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J.A. Cuesta-Albertos

enlarges the sample in some smaller areas (regions, provinces,. . . ) to obtain

representative data at this level also.

The result of the report is a score for each participant country (or region)

in each of the subjects considered. It is assumed that these scores describe the

level of competence of the participating countries in the associated subjects.

Every time the tests are performed, one of the three topics is selected to be

analyzed in greater depth. Mathematics was the selected one in the last report

which was released on December 3, 2013 although the study was carried out

in 2012. The goal of this section is to study the role of Spain in this report.

Moreover, we will mainly focus on the mathematical scores. The results in

Science and Reading abilities will be presented in the final part of this section




The 2012 report involved 65 countries. Three of those countries are part of

China (which did not participate in the study): Hong Kong, Macau and Shangai.

Their results were quite good (they scored 538, 561 and 613 points in Mathe-

matics respectively, obtaining the 6th, 3rd and 1st positions). However, they are

not included in this study because they are not usual independent countries and

their results cannot be compared to those of the rest of the participants.

The complete list of the participating countries with their scores appears in

the link


]. The data analyzed in this paper were downloaded from there on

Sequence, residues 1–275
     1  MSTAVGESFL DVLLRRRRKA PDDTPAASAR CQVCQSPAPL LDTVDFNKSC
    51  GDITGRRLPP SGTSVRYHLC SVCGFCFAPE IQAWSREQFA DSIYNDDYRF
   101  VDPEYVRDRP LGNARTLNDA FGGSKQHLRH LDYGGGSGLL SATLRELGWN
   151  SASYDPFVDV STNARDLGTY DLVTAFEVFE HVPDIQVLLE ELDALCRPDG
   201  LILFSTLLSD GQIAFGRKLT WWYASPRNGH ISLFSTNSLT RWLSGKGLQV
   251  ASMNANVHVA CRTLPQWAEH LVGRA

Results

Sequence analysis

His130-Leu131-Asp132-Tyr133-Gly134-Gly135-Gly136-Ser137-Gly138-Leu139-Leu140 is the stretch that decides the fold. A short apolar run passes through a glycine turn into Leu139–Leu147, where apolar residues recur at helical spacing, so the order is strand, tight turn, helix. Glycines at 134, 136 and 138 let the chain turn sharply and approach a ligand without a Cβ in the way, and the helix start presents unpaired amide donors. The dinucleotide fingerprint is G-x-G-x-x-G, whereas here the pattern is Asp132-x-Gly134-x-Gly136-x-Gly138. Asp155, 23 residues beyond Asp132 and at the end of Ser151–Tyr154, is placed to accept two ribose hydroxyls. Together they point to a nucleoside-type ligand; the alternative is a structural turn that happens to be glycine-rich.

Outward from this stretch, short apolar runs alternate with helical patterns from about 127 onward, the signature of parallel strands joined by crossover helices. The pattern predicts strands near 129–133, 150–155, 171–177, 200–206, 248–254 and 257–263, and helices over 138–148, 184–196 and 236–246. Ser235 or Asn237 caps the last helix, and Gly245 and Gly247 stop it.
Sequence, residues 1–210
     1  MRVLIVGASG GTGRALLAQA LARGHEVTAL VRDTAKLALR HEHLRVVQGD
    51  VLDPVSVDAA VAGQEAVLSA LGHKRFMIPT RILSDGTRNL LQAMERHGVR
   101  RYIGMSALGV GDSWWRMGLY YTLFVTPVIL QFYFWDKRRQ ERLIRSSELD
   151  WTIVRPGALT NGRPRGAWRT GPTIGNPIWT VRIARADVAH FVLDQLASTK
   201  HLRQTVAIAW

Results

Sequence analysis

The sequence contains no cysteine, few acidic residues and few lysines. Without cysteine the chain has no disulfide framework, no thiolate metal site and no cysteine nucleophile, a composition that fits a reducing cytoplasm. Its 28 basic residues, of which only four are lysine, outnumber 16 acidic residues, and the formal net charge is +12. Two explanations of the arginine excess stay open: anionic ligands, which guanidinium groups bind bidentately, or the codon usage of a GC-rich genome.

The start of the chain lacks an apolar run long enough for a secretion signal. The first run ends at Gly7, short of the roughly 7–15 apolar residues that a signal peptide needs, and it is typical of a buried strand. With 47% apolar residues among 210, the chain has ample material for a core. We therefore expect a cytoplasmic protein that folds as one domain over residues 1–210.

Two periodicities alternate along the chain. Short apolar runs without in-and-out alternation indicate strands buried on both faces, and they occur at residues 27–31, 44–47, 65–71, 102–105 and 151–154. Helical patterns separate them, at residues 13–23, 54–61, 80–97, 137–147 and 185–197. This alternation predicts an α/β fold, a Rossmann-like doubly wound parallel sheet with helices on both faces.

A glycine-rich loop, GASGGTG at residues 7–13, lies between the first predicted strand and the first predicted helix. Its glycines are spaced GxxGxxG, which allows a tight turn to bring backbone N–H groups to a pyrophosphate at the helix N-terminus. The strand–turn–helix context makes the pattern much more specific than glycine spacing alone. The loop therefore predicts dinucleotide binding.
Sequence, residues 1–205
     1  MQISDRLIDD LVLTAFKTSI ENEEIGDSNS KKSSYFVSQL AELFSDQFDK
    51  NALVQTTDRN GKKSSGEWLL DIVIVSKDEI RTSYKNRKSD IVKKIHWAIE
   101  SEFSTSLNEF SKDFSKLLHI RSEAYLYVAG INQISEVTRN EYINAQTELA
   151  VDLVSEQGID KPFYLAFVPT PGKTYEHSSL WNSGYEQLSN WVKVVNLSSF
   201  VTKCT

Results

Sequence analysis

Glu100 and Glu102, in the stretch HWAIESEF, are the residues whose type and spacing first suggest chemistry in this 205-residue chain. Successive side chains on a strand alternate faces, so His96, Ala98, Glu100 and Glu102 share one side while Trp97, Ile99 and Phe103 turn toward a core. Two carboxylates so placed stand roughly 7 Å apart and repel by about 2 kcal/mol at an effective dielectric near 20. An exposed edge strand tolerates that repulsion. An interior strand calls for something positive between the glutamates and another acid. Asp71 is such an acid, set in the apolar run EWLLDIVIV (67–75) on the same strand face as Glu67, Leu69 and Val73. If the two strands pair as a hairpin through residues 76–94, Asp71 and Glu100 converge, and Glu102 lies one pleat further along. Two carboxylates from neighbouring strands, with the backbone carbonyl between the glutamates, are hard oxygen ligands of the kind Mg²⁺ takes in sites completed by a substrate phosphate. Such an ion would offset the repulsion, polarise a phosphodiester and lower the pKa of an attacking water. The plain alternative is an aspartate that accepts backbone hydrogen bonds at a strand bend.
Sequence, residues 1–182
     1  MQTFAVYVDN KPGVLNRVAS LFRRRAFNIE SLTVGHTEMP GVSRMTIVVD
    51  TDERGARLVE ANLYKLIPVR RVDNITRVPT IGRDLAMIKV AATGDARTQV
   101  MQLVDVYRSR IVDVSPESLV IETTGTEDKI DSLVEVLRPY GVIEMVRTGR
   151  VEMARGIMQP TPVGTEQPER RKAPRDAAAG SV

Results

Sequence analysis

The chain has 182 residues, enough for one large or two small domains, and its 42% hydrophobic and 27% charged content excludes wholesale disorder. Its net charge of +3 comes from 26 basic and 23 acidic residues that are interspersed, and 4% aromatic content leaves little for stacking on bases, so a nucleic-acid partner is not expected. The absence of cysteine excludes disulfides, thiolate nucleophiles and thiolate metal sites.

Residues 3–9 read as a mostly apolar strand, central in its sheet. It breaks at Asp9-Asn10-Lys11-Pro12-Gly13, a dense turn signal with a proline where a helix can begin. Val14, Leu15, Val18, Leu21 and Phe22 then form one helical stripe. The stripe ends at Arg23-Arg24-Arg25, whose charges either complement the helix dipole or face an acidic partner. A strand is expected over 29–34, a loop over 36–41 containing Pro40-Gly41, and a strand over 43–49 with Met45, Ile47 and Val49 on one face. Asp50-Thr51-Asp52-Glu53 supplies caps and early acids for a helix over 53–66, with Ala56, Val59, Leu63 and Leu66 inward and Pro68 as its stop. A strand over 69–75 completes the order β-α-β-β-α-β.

May 23, 2014.

2.1. Spain in the PISA 2012 report

Although there are some dissenting voices, the general feeling seems to be

that Spain did quite badly in this report. For example, on December 3, 2013, the

newspapers El Pa´ıs and La Vanguardia, respectively, stated

“Desde 2003 los re-

sultados en matem´aticas . . . se han mantenido estables dentro de su mediocridad”



“. . . malos resultados de los alumnos espa˜noles a la hora de enfrentarse a

problemas cotidianos”.


The reason usually given to support this quite negative point of view is that

Spain scores well below the mean result of the OECD members. For instance,

El Mundo, on December 3, 2013, stated

“. . . [Espa˜na est´a] entre los pa´ıses que

se encuentran ‘significativamente debajo de la media’ de la OCDE”.


This statement is not unfounded. Table 1 contains the scores of several coun-

tries and the mean score of the OECD members in the three analyzed subjects.

Apart from Spain, the table includes the five best countries in each subject, the

three worst ones, and Italy and Portugal because those countries are perceived

as quite similar in Spain. We see that Spain is below the mean of the OECD

countries in all three subjects, but not too far from it.


Since 2003 the results in Mathematics . . . have remained stable within mediocrity.


. . . bad results of the Spanish students when dealing with daily problems.


. . . [Spain is] between those countries scoring ‘significatively below the mean’ of the OECD.